Donald Trump Vows to Clamp Down on Mexican Remittances
American real estate mogul and presidential hopeful Donald Trump has announced his intentions to impound all remittance payments derived from “illegal wages” and increase fees on all temporary visas issued to Mexican CEOs and diplomats.
American real estate mogul and presidential hopeful Donald Trump has announced his intentions to impound all remittance payments derived from “illegal wages” and increase fees on all temporary visas issued to Mexican CEOs and diplomats. Trump also vows to increase fees on all border crossing cards – of which we issue about 1 million to Mexican nationals each year - and increase fees on all NAFTA worker visas from Mexico.
‘Mexico must pay’
The majority of migrant Mexican workers send most of their salaries back to Mexico to their families. According to the World Bank, three of the most frequently used remittance service companies – Western Union (6.1%), MoneyGram (6.64%), CitiBank (14.59%) charge 9.11% on average, excluding the conversion fees.
If Trump’s immigration plan ever goes through, it will likely create a disastrous working environment for any foreign immigrants in the U.S., and will increase the transaction fees of remittance outlets, which are already taking a large cut of the migrants’ earnings.
Trump wrote on his official presidential campaign website:
“Mexico continues to make billions on not only our bad trade deals but also relies heavily on the billions of dollars in remittances sent from illegal immigrants in the United States back to Mexico (US$22 billion in 2013 alone) […] Mexico must pay for the wall and, until they do, the United States will, among other things: impound all remittance payments derived from illegal wages.”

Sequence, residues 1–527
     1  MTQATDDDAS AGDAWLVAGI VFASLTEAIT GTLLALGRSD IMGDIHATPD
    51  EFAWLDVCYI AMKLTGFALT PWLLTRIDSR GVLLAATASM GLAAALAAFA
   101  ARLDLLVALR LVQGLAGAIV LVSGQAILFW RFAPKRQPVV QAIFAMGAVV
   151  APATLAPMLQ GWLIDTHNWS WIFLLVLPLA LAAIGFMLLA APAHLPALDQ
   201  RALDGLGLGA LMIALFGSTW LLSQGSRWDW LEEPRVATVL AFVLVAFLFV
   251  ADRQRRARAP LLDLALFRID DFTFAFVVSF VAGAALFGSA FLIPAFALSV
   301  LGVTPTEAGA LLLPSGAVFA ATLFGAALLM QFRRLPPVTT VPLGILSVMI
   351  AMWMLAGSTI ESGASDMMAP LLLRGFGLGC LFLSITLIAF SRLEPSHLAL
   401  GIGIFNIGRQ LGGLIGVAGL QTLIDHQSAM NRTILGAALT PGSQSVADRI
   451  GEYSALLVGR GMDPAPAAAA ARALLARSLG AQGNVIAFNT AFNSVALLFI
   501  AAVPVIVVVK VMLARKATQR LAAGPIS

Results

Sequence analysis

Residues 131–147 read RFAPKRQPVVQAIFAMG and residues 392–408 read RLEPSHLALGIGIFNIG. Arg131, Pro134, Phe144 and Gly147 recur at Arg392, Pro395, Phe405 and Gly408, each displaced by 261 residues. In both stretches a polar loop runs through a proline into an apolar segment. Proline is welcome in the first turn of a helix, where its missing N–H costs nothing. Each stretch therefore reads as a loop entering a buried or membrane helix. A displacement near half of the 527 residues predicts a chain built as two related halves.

Bitcoin as a solution
Many bitcoin exchanges and bitcoin payments service providers have been offering a fully customized exchange platform, where users are able to cash out their bitcoins to local banks, remittance outlets and ATMs.
Bitcoin withdrawals in Mexico especially have been facilitated by several of the country’s bitcoin exchanges, including Bitso, Volabit and Unisend. Bitso in specific has been aggressively pushing its joint project with the Mexican Government to develop a platform for quick cross-border payments and remittances across South America. This also means that Bitso will support all local currencies in South America, through local bank and remittance service provider’s partnerships.
The world’s first peer-to-peer digital cash, money-transfer network and global bitcoin remittance application Abra has also announced that the platform will be launched very soon, which will enable Mexican immigrants to transfer cash instantaneously, without any transfer fees or bank accounts.
The Abra network is similar to Western Union, where individual Abra Teller (brokers) deal with customers in regions across the world. For example, if a Mexican family wants to withdraw bitcoin that has been sent from one of its family members in the U.S, they could contact an Abra teller nearest to them, set a meetup and receive cash at a lower cost.
CEO Bill Barhydt explained, “Abra tellers use smartphones to allow any other Abra users to deposit cash or withdraw cash from anywhere in the world.”